The first thing to understand about Airbnb’s AirCover protection is that is does not replace a Hosts current homeowner’s insurance. It’s such an important fact, it’s listed as the #3 FAQ on the AirCover protection landing page, as seen below.

Why is AirCover recommending you call your insurance company?

Because if you do not fully disclose your Airbnb rental activity to your insurance provider, then they can virtually deny any insurance claim. Here is a well-documented lawsuit a few years back.

There is a terrible misconception in the short-term rental industry that a property owner can simply purchase a standard homeowner’s policy and then rely on Airbnb’s Aircover to protect the property while it’s being rented. This couldn’t be further from the truth.

Insurance companies are in the business of collecting more premium than they pay out in claims. And the way they do this is with underwriting and rate adjustment. When a property becomes a short-term rental on Airbnb, every aspect of underwriting changes.

It’s now regularly being used by guests, aka strangers to the property and these guests are unfamiliar with the property.

  • They may not know where the water shut-off value is in the event of a broken water pipe, which can lead to unnecessary water damage claims.
  • They may not know how to properly use the fireplace which can lead to a fire claim.
  • They may not know the kitchen breaker often pops when you use the microwave and fan at the same time, which leads them to fuddle with the properties wiring and a future fire claim.
  • They may not know where the light is to use the back stars which could lead to a serious injury an liability claim.
  • They may not lock the back door which could lead to a burglary or theft claim.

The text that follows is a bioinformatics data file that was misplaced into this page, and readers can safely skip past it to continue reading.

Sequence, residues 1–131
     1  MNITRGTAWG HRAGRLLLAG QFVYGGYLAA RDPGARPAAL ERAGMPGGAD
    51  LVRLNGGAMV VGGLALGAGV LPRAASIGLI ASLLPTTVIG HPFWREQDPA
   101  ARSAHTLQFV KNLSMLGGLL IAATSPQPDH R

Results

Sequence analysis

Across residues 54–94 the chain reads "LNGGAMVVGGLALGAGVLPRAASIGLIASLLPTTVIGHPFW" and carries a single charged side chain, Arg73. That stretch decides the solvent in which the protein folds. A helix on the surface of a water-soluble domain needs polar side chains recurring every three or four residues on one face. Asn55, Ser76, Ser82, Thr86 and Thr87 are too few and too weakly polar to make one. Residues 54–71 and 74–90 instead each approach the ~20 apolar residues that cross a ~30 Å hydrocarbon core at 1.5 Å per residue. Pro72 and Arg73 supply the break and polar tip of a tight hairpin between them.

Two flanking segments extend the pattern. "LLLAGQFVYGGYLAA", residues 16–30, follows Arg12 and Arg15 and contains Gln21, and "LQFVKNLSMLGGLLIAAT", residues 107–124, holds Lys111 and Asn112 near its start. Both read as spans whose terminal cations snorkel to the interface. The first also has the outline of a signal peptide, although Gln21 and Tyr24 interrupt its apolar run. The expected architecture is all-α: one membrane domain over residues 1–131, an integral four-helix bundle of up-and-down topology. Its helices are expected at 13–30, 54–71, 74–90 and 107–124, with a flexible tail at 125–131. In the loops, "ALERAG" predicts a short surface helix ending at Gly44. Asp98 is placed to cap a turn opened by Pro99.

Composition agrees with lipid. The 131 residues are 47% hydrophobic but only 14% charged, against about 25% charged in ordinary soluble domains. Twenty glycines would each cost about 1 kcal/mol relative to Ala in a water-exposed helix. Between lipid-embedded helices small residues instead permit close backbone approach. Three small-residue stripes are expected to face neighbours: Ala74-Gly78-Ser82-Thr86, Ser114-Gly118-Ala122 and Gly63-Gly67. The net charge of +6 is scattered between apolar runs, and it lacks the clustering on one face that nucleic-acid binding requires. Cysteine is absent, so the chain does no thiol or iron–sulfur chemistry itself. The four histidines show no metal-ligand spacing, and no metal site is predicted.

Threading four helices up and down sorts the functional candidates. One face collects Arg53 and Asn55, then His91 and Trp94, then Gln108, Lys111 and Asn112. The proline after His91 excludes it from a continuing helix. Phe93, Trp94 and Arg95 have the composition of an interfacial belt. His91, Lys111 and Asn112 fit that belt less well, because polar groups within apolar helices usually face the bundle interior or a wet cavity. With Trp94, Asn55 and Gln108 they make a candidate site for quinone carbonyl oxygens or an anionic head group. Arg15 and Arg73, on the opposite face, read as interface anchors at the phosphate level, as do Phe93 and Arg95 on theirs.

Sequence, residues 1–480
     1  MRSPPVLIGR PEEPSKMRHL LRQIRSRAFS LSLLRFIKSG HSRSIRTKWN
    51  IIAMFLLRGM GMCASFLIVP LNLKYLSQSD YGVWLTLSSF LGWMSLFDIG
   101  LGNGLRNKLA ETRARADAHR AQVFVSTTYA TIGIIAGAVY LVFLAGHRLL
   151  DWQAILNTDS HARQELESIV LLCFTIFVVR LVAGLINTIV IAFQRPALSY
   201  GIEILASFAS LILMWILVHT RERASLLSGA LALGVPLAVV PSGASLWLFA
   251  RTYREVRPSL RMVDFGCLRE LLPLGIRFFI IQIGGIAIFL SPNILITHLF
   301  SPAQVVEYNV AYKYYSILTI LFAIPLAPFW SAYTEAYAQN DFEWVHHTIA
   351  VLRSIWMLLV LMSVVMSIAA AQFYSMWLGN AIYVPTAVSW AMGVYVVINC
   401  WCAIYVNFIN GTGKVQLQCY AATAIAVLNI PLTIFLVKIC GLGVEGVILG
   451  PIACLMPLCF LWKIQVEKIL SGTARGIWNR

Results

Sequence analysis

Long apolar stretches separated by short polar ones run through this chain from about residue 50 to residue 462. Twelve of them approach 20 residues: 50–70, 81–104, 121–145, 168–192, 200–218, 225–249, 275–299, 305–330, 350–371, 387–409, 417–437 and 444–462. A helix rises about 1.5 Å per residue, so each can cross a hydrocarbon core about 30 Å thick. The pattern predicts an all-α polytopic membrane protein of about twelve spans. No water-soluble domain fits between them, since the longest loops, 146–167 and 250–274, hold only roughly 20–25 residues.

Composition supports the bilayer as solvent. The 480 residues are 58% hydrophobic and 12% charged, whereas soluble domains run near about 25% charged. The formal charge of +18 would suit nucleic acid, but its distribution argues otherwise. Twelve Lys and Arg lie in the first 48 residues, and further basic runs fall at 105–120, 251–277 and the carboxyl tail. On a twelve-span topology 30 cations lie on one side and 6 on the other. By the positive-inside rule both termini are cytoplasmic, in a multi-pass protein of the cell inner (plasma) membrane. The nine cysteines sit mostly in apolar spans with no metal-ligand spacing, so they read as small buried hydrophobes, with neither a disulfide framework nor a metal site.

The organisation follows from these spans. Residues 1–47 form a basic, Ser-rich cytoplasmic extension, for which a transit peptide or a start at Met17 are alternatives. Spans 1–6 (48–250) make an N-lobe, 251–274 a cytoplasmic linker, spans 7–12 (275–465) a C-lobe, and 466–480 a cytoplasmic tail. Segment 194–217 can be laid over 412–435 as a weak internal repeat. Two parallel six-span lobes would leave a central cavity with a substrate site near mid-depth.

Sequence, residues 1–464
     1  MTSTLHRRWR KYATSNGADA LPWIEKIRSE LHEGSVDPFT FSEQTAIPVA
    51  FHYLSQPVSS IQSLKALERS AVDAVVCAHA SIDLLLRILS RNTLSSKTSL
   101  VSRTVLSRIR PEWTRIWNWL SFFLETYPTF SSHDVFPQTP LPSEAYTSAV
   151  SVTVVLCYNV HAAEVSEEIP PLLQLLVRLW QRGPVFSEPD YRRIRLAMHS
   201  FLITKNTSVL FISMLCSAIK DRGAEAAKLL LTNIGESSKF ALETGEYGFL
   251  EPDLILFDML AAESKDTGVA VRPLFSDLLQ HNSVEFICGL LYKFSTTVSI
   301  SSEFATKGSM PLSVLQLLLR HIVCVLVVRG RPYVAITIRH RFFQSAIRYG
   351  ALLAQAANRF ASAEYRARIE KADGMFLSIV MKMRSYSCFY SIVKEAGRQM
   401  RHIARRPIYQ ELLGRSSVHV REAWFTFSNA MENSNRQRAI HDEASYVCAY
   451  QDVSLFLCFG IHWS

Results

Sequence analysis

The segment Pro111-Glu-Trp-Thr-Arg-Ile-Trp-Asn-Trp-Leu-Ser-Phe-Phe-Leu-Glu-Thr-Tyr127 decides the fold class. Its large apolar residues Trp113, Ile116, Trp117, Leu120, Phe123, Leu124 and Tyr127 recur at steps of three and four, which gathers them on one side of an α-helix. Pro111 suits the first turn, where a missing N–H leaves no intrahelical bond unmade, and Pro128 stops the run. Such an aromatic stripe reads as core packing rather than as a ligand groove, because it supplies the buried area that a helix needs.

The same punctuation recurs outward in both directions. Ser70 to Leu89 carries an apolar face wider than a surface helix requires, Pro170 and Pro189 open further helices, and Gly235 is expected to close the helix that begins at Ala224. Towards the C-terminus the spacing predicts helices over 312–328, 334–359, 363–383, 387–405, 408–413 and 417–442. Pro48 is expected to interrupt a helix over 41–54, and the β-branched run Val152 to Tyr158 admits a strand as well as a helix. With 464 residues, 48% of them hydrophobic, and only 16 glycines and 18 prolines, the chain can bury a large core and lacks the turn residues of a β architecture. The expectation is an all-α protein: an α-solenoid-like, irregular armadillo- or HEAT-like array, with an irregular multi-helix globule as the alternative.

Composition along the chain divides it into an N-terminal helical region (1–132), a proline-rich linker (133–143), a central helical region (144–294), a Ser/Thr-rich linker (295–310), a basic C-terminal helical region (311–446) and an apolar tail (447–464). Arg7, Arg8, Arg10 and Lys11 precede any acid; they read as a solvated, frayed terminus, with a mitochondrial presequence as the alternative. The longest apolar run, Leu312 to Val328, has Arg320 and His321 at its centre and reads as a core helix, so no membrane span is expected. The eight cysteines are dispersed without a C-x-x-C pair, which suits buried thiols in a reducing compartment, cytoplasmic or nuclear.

And the list goes on and on.

Basically, guests do not take the same care of a property as a homeowner would. Plus, many property owners look at short-term rentals as investments, not their primary homes or residences, which leads to more insurance claims as maintenance issues are often postponed.

Why fix the roof, it’s only a rental!

When you add all this up, you get significantly more insurance claims at short-term rental properties than you do at a primary home or residence, therefore, insurance companies need to charge more in premium to cover these claims.

Or, they can and will just deny claims coverage.

Airbnb’s AirCover insurance department knows all of the above and that’s why the #3 FAQ is basically “We Recommend You Call Your Insurance Company”.

Note: Since the above lawsuit, many U.S. insurers have adopted a “home-sharing endorsement” to avoid this type of litigation, but buyer beware as they are inexpensive, only applicable to primary residences, limited in scope, and provide minimal additional coverage. What you want is a comprehensive insurance policy to fully replace your current homeowner’s insurance.

Is Airbnb’s AirCover protection actually insurance?

The answer is yes and no.

All Airbnb’s AirCover protection has done is simply rebrand the longstanding Host Protection (liability protection) as ‘Host Liability Insurance’ and the Host Guarantee (property protection) as ‘Host Damage Protection’. Now it’s under one roof called ‘AirCover’, with the addition of a few coverages.

Since property damage is much more frequent, let’s deep dive into the updated AirCover Host Damage Protection first, and as seen below the answer is ‘no’, it’s not actually insurance.

This ‘not insurance’ item is important because insurance contracts offer both parties, the insurer and the insured, rights. An example of a right for the insured would be the right to a public insurance adjuster should there be a dispute. The reason every state in the union has an independent insurance commissioner is not to protect the insurer, it’s to protect the insured.

Insurance contracts are long, confusing, and the insured needs protection from frivolous insurers.

Furthermore, by agreeing to AirCover or the ‘Host Damage Protection’ portion, Hosts are agreeing to a Class Action Waiver, meaning there is virtually no recourse for a Class Action Lawsuit if Airbnb denies property damage protection to it’s Hosts.

This is such an important point that it’s the first paragraph on the AirCover Host Damage Protection page, as seen below.

Airbnb AirCover Does Not Allow Class Action Lawsuits

When it’s the header there is no argument that it was buried in the fine print.